A report by Center for Strategic and International Studies revealed that there are three levels of misaligned incentives that work against cyber security in organizations:
- The corporate structure of organizations vs free flow of criminal enterprises: The incentives of attackers are shaped by decentralized, fluid market, while rigid bureaucracy constrains the defending corporations and top-down decision-making systems.
- Misaligned strategy and implementation: More than 90% organizations have a security plan in place. However, not even half of these organizations have implemented these policies.
- Senior executives vs those in implementation roles: The parameters by which the top executives who design the strategy and measure success are different than those of the team that implements the cyber security.
What can companies do?
There’s no one size fits all solution out there for aligning cybersecurity into strategic execution; no single solution that will work for all enterprises. Different techniques are suited to various organizations based on their culture and environment. However, on a broad level, few of the important organizational areas that are important to attain business alignment for cyber security are:
Culture: Developing a culture, across the organization, to imbibe secure practices into daily routine tasks, is probably the best solution to achieve security objectives. Management may define security policies, but if all do not follow them, it fails the purpose. If everyone from top to bottom, supports them as a part of daily routine without compromise, even if it costs little higher to the company, it has the best chance of success. Managers, users, IT professionals and everyone else should be able to make a wise and policy based decision when it comes to information risk.
Planning: The strategic and tactical planning of the security across the organization provides best opportunity to align individual security projects to business requirements. It is best to leverage enterprise architecture principles in the planning of security processes. Building cyber security right into enterprise architecture also gives it the best chance to be adopted and followed for every project.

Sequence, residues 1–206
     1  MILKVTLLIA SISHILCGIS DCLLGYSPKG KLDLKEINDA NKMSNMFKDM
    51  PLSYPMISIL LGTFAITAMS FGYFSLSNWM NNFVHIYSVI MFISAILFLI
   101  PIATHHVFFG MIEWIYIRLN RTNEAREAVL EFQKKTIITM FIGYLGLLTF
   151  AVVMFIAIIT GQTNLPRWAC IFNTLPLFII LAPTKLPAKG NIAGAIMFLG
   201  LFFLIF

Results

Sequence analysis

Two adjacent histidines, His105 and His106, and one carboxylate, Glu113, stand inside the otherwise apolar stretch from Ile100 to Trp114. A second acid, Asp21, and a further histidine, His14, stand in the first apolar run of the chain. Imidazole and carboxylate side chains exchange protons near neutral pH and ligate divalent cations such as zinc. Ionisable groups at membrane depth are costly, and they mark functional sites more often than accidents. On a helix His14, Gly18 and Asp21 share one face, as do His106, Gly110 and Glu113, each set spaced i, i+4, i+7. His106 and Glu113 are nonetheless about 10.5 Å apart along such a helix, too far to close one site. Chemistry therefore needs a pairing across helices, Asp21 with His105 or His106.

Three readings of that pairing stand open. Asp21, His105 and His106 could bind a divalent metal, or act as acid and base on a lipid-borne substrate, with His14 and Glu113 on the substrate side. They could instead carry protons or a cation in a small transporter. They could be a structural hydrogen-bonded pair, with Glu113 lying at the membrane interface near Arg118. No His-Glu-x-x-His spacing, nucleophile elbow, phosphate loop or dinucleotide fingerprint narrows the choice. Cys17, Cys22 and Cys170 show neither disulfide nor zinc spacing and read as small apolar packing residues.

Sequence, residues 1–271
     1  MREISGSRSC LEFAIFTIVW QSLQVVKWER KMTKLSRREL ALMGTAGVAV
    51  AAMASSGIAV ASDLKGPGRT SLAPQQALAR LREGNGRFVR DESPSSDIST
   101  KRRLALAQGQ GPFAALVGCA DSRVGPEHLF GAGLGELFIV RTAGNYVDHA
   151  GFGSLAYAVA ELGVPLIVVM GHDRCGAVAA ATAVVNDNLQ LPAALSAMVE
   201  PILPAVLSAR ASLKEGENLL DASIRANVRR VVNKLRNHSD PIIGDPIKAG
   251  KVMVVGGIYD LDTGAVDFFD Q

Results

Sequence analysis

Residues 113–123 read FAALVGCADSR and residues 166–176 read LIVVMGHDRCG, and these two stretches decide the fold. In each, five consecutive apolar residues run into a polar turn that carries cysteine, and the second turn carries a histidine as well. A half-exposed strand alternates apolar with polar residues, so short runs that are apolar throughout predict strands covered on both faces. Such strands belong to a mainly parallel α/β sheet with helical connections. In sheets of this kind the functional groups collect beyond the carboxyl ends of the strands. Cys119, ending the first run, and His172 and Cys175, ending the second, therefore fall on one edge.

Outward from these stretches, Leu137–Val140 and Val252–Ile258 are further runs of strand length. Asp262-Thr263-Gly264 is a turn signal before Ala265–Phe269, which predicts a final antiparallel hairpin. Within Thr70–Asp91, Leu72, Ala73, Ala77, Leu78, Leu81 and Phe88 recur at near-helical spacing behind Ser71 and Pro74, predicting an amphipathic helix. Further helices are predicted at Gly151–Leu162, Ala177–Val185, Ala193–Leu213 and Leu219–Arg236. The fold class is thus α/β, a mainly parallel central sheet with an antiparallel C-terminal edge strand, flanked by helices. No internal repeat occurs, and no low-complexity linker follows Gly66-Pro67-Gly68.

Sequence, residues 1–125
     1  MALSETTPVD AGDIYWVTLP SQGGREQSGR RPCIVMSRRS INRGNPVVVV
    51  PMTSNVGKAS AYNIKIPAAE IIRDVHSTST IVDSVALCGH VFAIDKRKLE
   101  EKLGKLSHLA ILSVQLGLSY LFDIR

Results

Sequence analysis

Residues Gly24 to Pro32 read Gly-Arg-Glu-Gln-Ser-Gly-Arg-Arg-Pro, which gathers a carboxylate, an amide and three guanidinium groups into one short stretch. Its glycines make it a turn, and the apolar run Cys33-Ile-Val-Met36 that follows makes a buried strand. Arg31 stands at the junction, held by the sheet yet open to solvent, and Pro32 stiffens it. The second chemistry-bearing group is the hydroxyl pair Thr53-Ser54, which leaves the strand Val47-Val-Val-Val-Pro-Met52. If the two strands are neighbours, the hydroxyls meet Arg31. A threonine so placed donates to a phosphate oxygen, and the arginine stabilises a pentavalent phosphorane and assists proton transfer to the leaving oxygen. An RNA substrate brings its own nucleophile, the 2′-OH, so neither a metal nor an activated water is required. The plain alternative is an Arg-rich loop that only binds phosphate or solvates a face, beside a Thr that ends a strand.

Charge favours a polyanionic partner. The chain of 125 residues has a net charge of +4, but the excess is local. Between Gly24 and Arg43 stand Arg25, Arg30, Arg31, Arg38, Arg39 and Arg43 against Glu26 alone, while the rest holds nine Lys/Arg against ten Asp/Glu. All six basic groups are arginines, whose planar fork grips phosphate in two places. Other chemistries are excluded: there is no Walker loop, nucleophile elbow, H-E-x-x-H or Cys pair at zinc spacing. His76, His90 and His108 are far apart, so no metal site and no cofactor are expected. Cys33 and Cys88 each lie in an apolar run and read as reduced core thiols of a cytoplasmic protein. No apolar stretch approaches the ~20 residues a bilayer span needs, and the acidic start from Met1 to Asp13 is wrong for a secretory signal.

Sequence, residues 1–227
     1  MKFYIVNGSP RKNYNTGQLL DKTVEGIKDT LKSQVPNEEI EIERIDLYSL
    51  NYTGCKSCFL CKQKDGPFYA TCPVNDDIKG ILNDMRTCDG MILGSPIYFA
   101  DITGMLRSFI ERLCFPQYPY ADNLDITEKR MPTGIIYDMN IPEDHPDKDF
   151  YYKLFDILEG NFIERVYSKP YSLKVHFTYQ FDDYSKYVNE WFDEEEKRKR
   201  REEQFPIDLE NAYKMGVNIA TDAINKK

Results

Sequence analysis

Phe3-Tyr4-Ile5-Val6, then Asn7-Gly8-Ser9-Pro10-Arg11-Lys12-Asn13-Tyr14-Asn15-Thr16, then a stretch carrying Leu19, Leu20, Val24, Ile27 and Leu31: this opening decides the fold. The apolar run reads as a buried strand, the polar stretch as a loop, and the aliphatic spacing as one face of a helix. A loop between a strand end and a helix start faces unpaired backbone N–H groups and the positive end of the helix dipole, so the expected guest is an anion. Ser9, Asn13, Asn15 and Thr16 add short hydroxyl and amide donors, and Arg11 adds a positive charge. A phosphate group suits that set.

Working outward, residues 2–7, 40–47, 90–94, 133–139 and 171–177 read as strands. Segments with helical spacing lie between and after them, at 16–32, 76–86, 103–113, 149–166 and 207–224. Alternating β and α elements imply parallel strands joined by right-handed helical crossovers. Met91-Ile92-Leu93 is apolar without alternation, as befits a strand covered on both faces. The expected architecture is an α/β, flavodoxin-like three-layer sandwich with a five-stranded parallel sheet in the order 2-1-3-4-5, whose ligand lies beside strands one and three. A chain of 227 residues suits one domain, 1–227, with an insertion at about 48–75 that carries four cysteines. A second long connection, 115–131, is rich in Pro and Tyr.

Processes: Implementing industry standard systems such as Information Security Management Systems (ISMS) prescribed by ISO 27001, provides the ability to assess, develop and deploy security solutions as and when required by the organization. These processes make an evaluation of organization’s security requirements a continuous process instead of a single instance of security implementation.
Communication: The communication about incidents, resolutions, and other security related activities should be defined as service level metrics and built into service level agreements between IT organization, users and partners.
Competencies: Cyber security experts are expected to have technical skills. However, to align with business, they must also have business skills such as understanding of business architecture, personal communication, marketing (of security ideas within organization at levels above, below and at par of the expert)
Technology: It is not just about implementing the best of tools available in the market that meet your requirements. Organizations also need to set up best of the breed processes and practices related to technology. Implementation of processes based on standards such as ITIL (V3), ensure technical integration of security controls integrated with IT services.
Relationships: Alignment of any department with business depends upon the cooperation and support of decision makers and stakeholders. Security is no different. Cyber security department must maintain alignments with key people to get visibility into business and get appropriate and required resources for them to do their job.
Business Alignment of cyber security cannot be addressed with one size fits all approach. It needs time, resources and comprehensive strategy to integrate and built the security into the business practices and organization’s business model.